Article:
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Re: Please critique my retirement plan

Quote:
Originally Posted by GolferAndy
I'm with you on this John because you and I are the same age and I too plan on firing my employer this year. What I would question, however, is your planned 50k income stream. IMO a 5.2% withdrawal rate is simply too high with a possible 37 yr. time horizon, especially when you would be starting out with valuations as high as they currently are. In addition, a plan that counts on an income stream from a government entiltlement program that will almost surely be changed before you can collect a dime from it in 13 years time is also reason to be cautious. The generation(s) behind us baby-boomers will almost surely rebel at the future cost of providing us with full SS & Medicare benefits. I use the online SS calculator myself.. but I subtract 30% from what it says for my ER planning. Good luck.
Congratulations on firing your employer !* I actually enjoy mine though, as long
as I'm only there a few months per year.* *Maybe if your employer is sad to see
you go, you can finagle some kind of occasional-work arrangement like me, and
significantly boost your retirement income picture ?

Yes, a 5.2% withdrawal rate seems way too high for 37 yrs.* Except it's only
5.2% for 9 to 13 yrs, until SS kicks in; then it's way lower.* *My impression,
correct me if I'm wrong, is that all the papers and conventional wisdom about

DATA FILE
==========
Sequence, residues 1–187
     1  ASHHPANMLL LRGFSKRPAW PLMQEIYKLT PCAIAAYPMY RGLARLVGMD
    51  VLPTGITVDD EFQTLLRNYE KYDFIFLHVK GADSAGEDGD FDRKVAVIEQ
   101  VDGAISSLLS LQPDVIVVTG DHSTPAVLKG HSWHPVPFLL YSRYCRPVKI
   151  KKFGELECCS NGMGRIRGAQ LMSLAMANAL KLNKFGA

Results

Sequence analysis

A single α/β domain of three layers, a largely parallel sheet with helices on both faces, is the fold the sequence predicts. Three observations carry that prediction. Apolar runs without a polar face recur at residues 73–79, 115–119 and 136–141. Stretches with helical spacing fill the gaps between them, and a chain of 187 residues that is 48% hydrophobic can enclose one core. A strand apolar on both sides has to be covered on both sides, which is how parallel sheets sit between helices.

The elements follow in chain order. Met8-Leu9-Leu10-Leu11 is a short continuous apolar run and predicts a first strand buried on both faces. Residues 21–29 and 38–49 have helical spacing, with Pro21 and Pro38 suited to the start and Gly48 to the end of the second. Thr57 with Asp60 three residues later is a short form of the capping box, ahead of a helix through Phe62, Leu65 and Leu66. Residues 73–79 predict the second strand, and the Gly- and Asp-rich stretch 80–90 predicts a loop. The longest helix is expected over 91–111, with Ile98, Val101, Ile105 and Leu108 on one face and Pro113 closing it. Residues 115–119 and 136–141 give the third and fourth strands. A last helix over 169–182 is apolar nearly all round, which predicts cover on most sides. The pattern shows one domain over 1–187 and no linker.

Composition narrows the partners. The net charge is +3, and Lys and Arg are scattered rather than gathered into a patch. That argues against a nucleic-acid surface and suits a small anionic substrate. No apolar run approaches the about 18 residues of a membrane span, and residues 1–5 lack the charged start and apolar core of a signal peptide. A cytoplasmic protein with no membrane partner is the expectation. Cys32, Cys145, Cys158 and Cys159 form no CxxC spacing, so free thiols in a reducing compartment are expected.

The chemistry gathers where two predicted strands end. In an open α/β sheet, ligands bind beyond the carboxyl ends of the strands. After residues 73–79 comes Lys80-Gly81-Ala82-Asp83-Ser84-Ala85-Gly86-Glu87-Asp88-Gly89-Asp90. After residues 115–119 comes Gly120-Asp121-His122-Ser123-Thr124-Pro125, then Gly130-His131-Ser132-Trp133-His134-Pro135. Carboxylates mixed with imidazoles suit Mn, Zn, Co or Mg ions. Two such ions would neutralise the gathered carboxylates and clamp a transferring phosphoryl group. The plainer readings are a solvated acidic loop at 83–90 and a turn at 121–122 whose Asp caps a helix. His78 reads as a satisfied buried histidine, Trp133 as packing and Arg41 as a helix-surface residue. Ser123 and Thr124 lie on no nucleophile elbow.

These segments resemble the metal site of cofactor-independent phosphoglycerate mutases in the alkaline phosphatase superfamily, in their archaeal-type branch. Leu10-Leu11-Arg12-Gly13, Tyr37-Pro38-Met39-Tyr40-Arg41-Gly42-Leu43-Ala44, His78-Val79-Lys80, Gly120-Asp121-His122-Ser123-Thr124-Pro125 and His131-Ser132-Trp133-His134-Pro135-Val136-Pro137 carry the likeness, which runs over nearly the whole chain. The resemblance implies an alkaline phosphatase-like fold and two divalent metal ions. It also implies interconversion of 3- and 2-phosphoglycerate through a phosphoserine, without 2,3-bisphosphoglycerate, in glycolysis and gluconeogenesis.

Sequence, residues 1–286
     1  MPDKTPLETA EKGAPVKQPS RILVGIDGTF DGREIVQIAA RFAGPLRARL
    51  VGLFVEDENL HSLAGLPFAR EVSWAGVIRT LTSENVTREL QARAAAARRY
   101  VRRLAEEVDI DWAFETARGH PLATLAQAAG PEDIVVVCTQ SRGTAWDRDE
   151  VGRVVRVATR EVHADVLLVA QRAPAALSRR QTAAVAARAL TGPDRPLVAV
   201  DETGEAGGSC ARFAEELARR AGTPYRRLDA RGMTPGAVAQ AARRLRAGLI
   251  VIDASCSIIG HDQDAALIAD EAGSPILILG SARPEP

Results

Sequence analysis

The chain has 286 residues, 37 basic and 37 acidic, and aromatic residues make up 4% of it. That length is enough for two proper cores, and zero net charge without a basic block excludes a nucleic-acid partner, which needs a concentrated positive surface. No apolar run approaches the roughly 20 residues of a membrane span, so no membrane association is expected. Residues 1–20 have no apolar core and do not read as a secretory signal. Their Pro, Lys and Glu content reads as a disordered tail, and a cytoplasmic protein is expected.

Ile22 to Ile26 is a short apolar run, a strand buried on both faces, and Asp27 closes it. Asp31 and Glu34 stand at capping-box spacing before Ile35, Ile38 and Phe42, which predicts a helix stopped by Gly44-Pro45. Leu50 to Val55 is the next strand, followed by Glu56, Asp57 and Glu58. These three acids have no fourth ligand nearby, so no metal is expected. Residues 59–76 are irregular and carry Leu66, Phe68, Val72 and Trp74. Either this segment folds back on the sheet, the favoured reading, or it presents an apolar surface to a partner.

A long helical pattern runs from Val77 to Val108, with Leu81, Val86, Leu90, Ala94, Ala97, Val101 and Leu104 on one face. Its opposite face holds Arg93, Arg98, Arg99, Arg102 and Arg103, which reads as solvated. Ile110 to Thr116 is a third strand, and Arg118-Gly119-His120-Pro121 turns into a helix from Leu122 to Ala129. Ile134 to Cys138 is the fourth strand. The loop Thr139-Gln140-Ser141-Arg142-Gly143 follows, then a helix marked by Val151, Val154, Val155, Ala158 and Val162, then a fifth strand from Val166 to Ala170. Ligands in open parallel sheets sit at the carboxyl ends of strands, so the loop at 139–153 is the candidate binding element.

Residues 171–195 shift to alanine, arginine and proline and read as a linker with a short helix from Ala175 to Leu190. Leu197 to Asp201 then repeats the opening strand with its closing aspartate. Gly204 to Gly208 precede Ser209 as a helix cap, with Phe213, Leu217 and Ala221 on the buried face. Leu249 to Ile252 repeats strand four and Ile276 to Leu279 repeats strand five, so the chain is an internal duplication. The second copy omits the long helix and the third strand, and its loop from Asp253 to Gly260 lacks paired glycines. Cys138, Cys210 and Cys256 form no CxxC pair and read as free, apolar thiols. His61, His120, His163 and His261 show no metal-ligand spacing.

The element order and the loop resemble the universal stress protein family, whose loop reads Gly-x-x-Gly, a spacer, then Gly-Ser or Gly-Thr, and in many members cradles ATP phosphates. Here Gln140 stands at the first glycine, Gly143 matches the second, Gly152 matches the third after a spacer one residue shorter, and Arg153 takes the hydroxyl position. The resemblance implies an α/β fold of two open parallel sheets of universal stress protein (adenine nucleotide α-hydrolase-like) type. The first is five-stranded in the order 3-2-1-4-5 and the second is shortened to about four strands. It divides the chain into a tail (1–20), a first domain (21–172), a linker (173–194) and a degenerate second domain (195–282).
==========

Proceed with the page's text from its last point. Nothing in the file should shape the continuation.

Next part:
SWR is not taking SS into account.

Your point about the reliability of SS is a good one.* I've read somewhere
that SS is pretty safe, at least for OUR lifetimes, because of the massive
political strength of the segment of the population getting SS.* After all,
AARP is the strongest lobby they say, and this is only gonna get moreso.
Nonetheless, it seems like a good argument to begin at the earliest possible
age (62yo for me).* And* your 30% discounting of the SS calculator's result
seems only prudent; surprisingly, it only reduces my target overall annual
income of $50K by $2500 or so.*
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Re: Please critique my retirement plan
Old 09-15-2006, 07:39 AM   #18
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Re: Please critique my retirement plan

Quote:
Originally Posted by SecondCor521
apparently they (by they I mean the regular 30 year Treasury bond) pay interest every six months. A quick calculation says 4.9% of $250,000 is $12,250, so each six months would be about half that. If you wanted the inflation protection you would start out taking the ~$11k and leave the rest to compound. That doesn't work exactly, obviously, but it's close enough for the purposes of this analysis I think.